What should I look for in choosing a plan?
Look at how your prescriptions are covered, are all of your doctors in the network, do you live part of the year in another state, what is the cost of the plan (cost includes premium, deductibles and co-pays.) You should look at all of these items before making a decision.

What are drug formularies and tiers?
Medicare has its standard drug formulary that any insurance company that offers MAPD or PDP plans must include. It is up to the insurance company to determine in which tier to put a drug. The higher the tier number, the more expensive the co-pay will be. Typically, Tier 1 is preferred generics; Tier 2 is non-preferred generics, Tier 3 is preferred Brand, and Tier 4 is non-preferred Brand. Your prescription could be in a different Tier with different insurance companies. It is important that you understand which Tier your prescriptions are in before making a decision.

Should someone enroll in a prescription drug plan if they do not take any prescriptions?
If a Medicare beneficiary does not apply for a prescription drug plan when they are first eligible, there may be financial and time period penalties that a consumer will have to pay. If you are currently not taking any prescriptions, it does not mean that tomorrow you may not be taking a new expensive prescription. It is important to have the prescription drug plan in place for when you need the coverage.

What is this doughnut hole (coverage gap) I hear about?
In all Medicare plans that cover prescription drugs there is a coverage gap that is sometimes called the doughnut hole. (There is a hole or gap in your coverage.)  Once the retail prices of a beneficiary’s prescriptions total $3,750, they will go into the coverage gap until their total out of pocket is $5,000. During the coverage gap, you are responsible for 35% of the retail price for Brand name drugs and 44% of the cost of generic drugs. This is the percentage in 2018. The percentages will continue going down until the year 2020, where the co-insurance will be 25%.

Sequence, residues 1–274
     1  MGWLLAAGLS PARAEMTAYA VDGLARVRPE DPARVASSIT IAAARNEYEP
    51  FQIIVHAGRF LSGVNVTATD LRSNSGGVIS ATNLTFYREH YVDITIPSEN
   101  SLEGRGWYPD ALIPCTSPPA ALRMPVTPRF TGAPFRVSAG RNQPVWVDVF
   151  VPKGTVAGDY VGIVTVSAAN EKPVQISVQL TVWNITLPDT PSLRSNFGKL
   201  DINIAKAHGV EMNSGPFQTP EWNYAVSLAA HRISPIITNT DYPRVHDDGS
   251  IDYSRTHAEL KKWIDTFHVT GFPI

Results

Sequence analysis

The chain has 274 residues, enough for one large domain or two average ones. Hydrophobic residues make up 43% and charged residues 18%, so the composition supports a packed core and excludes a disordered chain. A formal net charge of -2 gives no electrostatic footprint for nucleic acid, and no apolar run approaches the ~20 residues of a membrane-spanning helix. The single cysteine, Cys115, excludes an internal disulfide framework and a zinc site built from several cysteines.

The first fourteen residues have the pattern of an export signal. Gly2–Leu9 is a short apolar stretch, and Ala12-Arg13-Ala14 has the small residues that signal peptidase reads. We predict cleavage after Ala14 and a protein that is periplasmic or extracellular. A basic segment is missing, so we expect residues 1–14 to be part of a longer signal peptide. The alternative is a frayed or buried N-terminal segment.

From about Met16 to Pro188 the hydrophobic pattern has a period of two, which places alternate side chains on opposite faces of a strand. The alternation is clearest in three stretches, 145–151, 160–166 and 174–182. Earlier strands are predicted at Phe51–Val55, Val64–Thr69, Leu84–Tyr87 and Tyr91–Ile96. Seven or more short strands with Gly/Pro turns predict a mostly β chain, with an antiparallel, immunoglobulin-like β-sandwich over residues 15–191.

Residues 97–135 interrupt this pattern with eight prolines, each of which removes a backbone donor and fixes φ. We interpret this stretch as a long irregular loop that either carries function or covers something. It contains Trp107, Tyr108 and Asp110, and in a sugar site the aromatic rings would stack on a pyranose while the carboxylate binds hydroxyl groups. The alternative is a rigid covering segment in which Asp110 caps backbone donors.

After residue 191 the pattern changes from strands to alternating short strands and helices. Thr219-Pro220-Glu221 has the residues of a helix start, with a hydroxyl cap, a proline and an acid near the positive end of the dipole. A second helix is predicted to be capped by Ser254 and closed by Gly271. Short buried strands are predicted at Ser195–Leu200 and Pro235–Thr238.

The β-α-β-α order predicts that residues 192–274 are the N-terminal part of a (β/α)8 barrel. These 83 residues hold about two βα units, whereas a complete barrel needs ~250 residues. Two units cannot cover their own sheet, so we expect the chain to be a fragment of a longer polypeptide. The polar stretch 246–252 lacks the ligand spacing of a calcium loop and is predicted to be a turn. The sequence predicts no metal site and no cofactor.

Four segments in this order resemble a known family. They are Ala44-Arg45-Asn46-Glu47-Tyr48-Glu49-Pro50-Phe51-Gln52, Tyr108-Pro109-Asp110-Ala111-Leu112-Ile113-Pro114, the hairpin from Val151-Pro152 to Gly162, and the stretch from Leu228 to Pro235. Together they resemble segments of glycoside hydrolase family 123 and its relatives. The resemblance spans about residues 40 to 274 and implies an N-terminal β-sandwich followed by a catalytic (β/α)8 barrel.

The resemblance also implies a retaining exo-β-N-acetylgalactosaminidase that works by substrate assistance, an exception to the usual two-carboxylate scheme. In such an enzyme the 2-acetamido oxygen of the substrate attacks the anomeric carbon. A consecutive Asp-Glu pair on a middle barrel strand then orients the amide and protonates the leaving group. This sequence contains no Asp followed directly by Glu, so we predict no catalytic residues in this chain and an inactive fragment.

How do networks work?
HMO plans require that you only see doctors that are in that plan’s network. If you see a doctor that is not in network for a Medicare Advantage plan, you will be responsible for the entire cost of the visit. If you are currently seeing a doctor under your current plan, do not assume that your doctor is on the same carrier’s Medicare plan network. Carriers can have different networks for individual plans, group plans, and Medicare plans. Always confirm your doctors are in the carriers’ network.

Can I go to any pharmacy?
Many plans are now starting to give discounts if you receive your prescriptions from the carrier’s preferred pharmacy. You can save money on your prescriptions if you fill your prescriptions at the carrier’s preferred pharmacy. Sometimes there are additional savings if you receive a 3-month prescription from the carrier’s mail order company.